Using auto for the last two rows let them scale to the size of their content.

chapter preview grid

Responsive Grid

Here's another thing the CSS spec peeps really nailed this time around. Grid really is perfect for responsive layout. When the browser is less than 1220px I simply change the grid positioning of my text items so that they occupy both columns and a row under their illustration instead of by its side:

.master-it {
  grid-column: 1 / 3;
  grid-row: 4;
responsive css grid

This makes the site appear as single column for mobile. Looking back named grid areas probably would have been a better approach for this, as I would have only had to update the single grid-template-areas property inside the media queries.

The futuristic SVG border tops didn't look too good on mobile, so I scaled them vertically with a CSS transform, which chopped off the top part. Then I gave it a solid border to complete the shape again only flat, which looked a lot better on small browsers.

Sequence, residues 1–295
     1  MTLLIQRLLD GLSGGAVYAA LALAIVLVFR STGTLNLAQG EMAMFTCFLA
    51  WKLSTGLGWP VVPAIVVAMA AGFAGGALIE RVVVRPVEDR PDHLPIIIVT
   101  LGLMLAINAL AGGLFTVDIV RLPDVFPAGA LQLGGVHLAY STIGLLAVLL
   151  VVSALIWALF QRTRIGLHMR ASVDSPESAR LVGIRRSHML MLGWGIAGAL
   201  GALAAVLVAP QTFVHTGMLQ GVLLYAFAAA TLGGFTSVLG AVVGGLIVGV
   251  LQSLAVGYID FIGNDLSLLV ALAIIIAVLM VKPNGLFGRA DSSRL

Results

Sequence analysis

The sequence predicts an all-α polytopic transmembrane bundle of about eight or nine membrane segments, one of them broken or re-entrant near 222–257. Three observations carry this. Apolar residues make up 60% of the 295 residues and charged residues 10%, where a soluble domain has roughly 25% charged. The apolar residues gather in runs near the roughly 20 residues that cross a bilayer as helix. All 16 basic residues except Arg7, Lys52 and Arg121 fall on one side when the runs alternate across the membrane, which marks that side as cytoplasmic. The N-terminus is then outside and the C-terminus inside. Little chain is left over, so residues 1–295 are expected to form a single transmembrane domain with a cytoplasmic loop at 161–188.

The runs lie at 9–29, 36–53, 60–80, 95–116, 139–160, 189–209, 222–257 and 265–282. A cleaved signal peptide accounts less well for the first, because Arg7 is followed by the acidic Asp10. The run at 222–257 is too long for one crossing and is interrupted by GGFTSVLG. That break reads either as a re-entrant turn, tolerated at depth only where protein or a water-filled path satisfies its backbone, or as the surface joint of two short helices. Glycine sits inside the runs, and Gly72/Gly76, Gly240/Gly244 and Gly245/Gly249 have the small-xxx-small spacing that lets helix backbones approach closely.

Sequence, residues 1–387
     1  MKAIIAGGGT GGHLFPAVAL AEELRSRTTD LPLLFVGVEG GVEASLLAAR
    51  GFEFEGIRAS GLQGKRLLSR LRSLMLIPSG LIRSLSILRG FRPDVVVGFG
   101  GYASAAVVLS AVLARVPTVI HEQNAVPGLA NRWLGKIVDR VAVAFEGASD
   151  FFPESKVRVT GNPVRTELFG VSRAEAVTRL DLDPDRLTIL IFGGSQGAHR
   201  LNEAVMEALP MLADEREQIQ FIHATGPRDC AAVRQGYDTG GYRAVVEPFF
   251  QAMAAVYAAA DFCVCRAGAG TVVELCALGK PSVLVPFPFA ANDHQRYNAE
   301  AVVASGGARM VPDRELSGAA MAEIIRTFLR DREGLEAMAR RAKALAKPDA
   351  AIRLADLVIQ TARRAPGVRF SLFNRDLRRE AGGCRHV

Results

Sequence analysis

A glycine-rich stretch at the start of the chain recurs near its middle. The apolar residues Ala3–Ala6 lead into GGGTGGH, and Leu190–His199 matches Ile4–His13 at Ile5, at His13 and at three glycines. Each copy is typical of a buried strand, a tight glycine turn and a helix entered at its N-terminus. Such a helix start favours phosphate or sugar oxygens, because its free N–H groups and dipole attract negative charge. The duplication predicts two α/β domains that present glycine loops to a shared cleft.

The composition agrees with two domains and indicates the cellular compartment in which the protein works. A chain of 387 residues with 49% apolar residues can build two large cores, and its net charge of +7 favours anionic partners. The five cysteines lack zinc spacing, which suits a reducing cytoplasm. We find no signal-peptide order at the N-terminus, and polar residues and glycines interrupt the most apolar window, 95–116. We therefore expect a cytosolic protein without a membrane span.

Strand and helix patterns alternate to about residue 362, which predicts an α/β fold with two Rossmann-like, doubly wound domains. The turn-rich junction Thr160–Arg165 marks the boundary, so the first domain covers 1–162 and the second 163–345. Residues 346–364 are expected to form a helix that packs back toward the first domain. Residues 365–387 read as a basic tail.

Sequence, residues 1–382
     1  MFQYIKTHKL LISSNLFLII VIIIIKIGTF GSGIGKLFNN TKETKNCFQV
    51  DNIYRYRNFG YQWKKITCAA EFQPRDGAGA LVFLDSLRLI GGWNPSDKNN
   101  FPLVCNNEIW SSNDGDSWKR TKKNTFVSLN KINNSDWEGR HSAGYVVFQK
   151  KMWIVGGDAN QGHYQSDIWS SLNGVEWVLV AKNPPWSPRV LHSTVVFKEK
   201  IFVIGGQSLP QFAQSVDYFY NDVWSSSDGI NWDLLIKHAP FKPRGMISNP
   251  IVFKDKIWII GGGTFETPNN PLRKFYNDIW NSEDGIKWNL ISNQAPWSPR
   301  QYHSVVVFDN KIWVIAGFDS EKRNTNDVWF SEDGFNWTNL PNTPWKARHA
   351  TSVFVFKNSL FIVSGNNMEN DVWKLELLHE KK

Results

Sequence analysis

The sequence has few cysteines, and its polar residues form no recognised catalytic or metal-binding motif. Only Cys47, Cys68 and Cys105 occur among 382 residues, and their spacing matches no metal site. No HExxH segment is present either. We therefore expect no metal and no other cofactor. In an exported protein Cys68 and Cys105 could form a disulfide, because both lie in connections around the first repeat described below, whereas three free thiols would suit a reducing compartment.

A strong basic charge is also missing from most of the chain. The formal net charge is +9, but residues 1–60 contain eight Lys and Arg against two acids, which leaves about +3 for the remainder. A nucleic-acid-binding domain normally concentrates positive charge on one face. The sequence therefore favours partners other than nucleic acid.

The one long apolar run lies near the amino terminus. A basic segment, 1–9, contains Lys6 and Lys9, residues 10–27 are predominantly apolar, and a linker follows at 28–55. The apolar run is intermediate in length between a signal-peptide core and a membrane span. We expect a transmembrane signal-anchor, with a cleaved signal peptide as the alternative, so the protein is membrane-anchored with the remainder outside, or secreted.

.chapter svg {
  transform-origin: bottom center;
  transform: scaleY(1.1);
  overflow: hidden;
  border-top: 2px solid;
flattened shapes

Lessons Learned

  • After shipping my new site I saw significant boost in sales. Turns out a good-looking site is super important :)
  • I had to scrap some early designs because I did them without first having my actual content written. Content first is still a very good rule to follow.
  • I started building this site desktop first, then halfway through changed my media queries to start with mobile size and work up to desktop. mobile first is still the way to go.
  • giant gifs are bad, videos are way better
  • I discovered that it's still possible to make videos autoplay on iOS, the secret is to make sure the videos have no audio, they use the "autoplay" attribute, and the "playsinline" attribute. Otherwise iOS just shows a picture instead of playing the video.
  • CSS Grid is amazing not just for apps but for websites as well.


Build a nice little CSS Grid website for your side project. Potential users will think more highly of your project, and you'll learn a bunch while you're at it.

Grid Critters Game

Master CSS Grid right from the start by playing this new mastery game. You'll learn the ins and outs of Grids one fun level at a time, while saving an adorable alien life form from certain destruction.Master CSS Grid